Gino Cappelletti, a former AFL Most Valuable Player and original member of the Boston Patriots who was part of the franchise for five decades as a player, coach and broadcaster, has died. He was 89.
Cappelletti died Thursday at his home in Wellesley, Massachusetts. His death was announced by the New England Patriots on Thursday. No cause of death was given.
“My heart aches after learning of Gino Cappelletti’s passing this morning. For the first 51 years of this franchise’s history, Gino contributed as an all-star player, assistant coach and broadcaster. You couldn’t be a Patriots fan during that era and not be a fan of Gino’s,” New England Patriots owner Robert Kraft said in a statement. “As great of a player as he was, he was an even better person and storyteller.”
Known as “The Duke,” Cappelletti played receiver and kicker and scored the first regular-season points in AFL history, a 35-yard field goal in the first quarter of the Patriots’ 13-10 loss to the Denver Broncos on Sept. 9, 1960.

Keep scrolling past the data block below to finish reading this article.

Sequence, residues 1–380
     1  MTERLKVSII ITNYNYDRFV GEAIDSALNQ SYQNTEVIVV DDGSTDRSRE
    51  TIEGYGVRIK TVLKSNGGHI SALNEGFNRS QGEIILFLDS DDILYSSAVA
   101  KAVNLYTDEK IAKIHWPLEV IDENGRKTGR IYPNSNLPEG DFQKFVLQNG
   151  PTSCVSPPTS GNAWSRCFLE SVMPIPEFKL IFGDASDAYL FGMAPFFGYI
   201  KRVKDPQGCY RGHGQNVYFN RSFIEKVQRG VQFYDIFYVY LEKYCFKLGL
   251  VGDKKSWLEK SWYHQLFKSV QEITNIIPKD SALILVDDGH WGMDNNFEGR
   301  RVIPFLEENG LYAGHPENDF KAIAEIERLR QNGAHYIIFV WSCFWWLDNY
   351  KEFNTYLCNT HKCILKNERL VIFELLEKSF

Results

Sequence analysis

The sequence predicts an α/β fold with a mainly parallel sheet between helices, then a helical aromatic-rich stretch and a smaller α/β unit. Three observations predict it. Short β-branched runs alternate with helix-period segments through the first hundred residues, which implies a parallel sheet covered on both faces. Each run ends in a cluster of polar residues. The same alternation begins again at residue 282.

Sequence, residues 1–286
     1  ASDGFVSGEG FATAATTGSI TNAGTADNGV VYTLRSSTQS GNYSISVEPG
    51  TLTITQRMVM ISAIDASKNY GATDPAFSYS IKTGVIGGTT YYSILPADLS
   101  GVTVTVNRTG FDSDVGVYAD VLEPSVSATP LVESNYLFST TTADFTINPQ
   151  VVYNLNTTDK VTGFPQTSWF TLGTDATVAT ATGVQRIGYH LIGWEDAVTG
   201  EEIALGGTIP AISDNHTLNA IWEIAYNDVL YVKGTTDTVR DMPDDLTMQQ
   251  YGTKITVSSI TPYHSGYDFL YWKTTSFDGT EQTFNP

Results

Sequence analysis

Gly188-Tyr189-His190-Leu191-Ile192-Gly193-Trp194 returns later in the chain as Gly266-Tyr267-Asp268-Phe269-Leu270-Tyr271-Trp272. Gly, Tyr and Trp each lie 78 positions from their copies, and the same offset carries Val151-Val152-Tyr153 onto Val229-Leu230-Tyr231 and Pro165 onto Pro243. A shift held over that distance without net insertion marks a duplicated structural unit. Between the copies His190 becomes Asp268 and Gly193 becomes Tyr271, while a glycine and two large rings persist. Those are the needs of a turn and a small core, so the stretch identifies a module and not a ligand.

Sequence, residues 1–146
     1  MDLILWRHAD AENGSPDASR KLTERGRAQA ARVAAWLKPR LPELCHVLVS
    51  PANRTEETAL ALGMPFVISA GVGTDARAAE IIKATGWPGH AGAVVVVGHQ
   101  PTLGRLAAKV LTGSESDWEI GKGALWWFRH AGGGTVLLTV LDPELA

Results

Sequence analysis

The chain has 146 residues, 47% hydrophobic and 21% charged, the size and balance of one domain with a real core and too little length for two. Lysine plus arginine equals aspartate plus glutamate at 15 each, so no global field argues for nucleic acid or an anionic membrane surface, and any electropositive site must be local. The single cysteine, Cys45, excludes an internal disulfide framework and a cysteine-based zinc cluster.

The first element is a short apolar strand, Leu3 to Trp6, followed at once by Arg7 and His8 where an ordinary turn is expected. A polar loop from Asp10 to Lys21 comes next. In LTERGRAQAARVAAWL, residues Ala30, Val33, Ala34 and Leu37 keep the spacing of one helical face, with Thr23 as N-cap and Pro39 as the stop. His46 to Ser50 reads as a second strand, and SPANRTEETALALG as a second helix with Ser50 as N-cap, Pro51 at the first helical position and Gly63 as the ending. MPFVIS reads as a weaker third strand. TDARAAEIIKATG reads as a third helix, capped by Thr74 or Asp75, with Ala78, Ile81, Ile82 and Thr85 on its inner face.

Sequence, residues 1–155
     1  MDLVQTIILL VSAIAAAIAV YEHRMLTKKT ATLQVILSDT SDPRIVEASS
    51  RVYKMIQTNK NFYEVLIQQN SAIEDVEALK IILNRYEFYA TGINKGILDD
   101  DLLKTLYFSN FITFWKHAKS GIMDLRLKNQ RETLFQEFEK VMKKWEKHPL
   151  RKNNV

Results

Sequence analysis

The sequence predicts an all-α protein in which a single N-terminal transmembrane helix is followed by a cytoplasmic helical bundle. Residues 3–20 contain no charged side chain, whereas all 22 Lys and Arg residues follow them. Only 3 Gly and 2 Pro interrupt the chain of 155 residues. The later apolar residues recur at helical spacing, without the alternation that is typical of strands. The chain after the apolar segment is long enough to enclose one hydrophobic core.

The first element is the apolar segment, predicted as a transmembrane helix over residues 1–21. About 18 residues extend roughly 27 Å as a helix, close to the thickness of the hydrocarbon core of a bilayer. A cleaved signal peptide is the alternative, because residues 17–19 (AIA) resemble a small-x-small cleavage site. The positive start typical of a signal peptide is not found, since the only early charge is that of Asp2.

He went on to be the league’s MVP in 1964 and was one of three players to play in every game in the AFL’s 10-year history, along with Jim Otto and George Blanda.
Cappelletti spent his entire career in Boston from 1960-70, ending it as the AFL’s all-time leader in points (1,100) and field goals (170). He was honored as the second Patriots player inducted into the team’s hall of fame in 1992, joining guard John Hannah.
Following his playing days Cappelletti spent seven seasons in the radio booth (1972-78) before joining Patriots coach Ron Erhardt’s staff in 1979, serving as the team’s special teams coach until 1981. He returned to broadcasting for the Patriots in 1988 as a radio analyst and remained in that job through the 2011 season.
He is survived by his wife, Sandy, daughters Gina, Cara and Christina, and 10 grandchildren.